A Little Corner of Earth and a Big Box of Wine Can Make Anyone Smile
Boxes of Wine in Southern France
Five o’clock is Van Gogh hour in southern France, when the light pales in the vineyards such that you are suddenly convinced you could be a master painter. The swallows are doing their ritual evening dive-bombing, careening to the surface of the pool with a singular, ferocious precision. Someone pops a bag of Casino brand crisps—France’s catastrophically salty, wafer-thin potato chips—and we fill our glass tumblers from one of the “bag-in-box” wines that have been unceremoniously shoved in the fridge. We drink on the terrace, a single ice cube mellowing the subtle, honeysuckle-scented viognier, the slight tart pinch of the rosé.
We’re deep in Rhône country, Provence’s quiet, un-showy sister. One of France’s largest wine-growing AOCs, the Côtes du Rhône region benefits from the highly alkaline soils around the bed of the Rhône River, which runs from Switzerland down to its silty, humid end in the Mediterranean, and which allows winemakers to produce the rustic, easy-drinking grenache and syrah blends commonly known as Côtes du Rhône Villages. In the hushed burnt-stone hill towns, the vendors at the local brocantes break for lunch by laying out a white, embroidered tablecloth and topping it with two glasses, a bottle of unmarked red in the center.
We’ve arrived in the stop-gap before high season, and on our first day we walk the lane to our neighbors’ in the petit hameau, who produce a modest 2000 hectoliters of Côtes du Rhône annually. We’ve been told to buy our wine in bulk, in the bag-in-box (or “bib”) cases that have become popular in France in the last decade as wine by the glass became an acceptable way to drink in restaurants, and owners found it a more economical way to sell and store. While the best vintages are never boxed (wine won’t age in plastic), table wines are happily dispensed in the cardboard bibs. It’s the kind of wine you pony up with at a picnic, or bbq; this is France, they won’t judge. Rosé fares the best; reds are hit or miss, although for the less refined palate they’ll do just fine.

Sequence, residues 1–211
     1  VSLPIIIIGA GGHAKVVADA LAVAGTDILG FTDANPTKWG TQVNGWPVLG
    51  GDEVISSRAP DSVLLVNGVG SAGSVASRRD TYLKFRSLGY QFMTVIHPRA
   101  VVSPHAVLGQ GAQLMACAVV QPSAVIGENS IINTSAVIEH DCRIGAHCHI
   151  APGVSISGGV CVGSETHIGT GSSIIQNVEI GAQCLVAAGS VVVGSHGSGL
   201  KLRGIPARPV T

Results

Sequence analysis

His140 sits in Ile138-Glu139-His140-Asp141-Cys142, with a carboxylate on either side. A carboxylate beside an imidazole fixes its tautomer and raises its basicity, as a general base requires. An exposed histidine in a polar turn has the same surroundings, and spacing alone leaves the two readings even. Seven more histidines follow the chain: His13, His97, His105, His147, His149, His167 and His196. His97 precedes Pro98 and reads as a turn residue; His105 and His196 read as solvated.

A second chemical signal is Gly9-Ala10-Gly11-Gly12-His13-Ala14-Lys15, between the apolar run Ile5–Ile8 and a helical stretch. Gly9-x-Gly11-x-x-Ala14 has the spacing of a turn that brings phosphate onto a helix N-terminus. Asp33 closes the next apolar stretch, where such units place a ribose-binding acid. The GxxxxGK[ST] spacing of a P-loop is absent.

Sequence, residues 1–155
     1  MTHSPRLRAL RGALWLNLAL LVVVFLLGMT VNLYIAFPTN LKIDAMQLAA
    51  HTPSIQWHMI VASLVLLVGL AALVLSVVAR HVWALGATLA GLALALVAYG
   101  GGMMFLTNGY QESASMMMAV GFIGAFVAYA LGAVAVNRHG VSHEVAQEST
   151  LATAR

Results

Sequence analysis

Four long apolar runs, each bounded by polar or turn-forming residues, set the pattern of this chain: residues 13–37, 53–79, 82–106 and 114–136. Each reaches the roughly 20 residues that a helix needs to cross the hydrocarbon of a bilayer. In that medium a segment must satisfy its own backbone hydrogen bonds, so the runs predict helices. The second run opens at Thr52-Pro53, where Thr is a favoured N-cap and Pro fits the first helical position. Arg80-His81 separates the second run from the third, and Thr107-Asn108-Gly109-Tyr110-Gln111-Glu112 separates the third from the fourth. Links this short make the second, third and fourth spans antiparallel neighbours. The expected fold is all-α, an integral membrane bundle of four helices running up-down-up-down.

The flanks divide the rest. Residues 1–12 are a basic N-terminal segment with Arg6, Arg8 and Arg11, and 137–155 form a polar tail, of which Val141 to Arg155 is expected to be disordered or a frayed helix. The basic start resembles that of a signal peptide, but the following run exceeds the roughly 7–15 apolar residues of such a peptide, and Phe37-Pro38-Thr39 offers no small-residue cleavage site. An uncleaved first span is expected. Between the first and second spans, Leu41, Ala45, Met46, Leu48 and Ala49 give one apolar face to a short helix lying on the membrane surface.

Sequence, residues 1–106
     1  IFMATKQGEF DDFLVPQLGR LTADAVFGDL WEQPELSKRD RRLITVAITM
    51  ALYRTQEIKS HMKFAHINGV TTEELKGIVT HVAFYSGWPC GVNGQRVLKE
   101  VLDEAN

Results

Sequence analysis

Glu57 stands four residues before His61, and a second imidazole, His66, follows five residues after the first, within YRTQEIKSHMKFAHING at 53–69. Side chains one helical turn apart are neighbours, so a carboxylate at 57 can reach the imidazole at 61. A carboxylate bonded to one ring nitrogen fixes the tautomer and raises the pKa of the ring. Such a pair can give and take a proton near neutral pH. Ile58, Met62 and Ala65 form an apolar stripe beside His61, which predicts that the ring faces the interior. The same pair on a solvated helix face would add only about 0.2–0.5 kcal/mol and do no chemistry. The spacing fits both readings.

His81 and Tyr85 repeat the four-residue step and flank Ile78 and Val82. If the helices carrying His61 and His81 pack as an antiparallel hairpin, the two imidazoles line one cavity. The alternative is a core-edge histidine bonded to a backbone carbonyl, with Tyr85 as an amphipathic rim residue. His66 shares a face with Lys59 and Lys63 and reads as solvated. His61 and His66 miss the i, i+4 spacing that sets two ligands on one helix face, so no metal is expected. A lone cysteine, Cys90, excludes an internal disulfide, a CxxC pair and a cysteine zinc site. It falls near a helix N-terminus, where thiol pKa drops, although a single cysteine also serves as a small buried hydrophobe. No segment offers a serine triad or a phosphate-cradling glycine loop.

While boxed wine is gaining a small toehold in the American market, it remains mostly relegated to the bottom shelf of the supermarket wine aisle. So we’re nervous, and yet still convinced we’ve misheard when they quote us 14 euros for the five-liter box.
“I’m sure three boxes will be enough,” we say, and return two days later, heads down, to buy three more.
The viognier is a perfect match for the great oozing hunks of Tomme de Savoie; the rosé tastes somehow even better over ice. Even the red is satisfying, dirty yet without bite, a perfect match for ratatouille. We drink and drink and drink. The baby eats cherries for the first time: we pick them from trees and feed them to her like birds, removing the pits with our teeth and tongues before handing her the flesh. Later she pukes cherry all over the rented car seat, the carnage shockingly red.
One of us used to work as a florist, so she gathers great armfuls of broom and wild poppies and arranges them in bottles around the house. The May afternoons are hot but broken by the as-yet-unhurried early breezes of the mistral. The Latin phrase etched in stone on the turret of the villa (loosely translated by the vigneron next door from his shaky Latin to French, and from our shaky French to English) reads, “This little corner of the earth, more than any other, makes me smile,” and, as we return to the fridge for another glass, we do.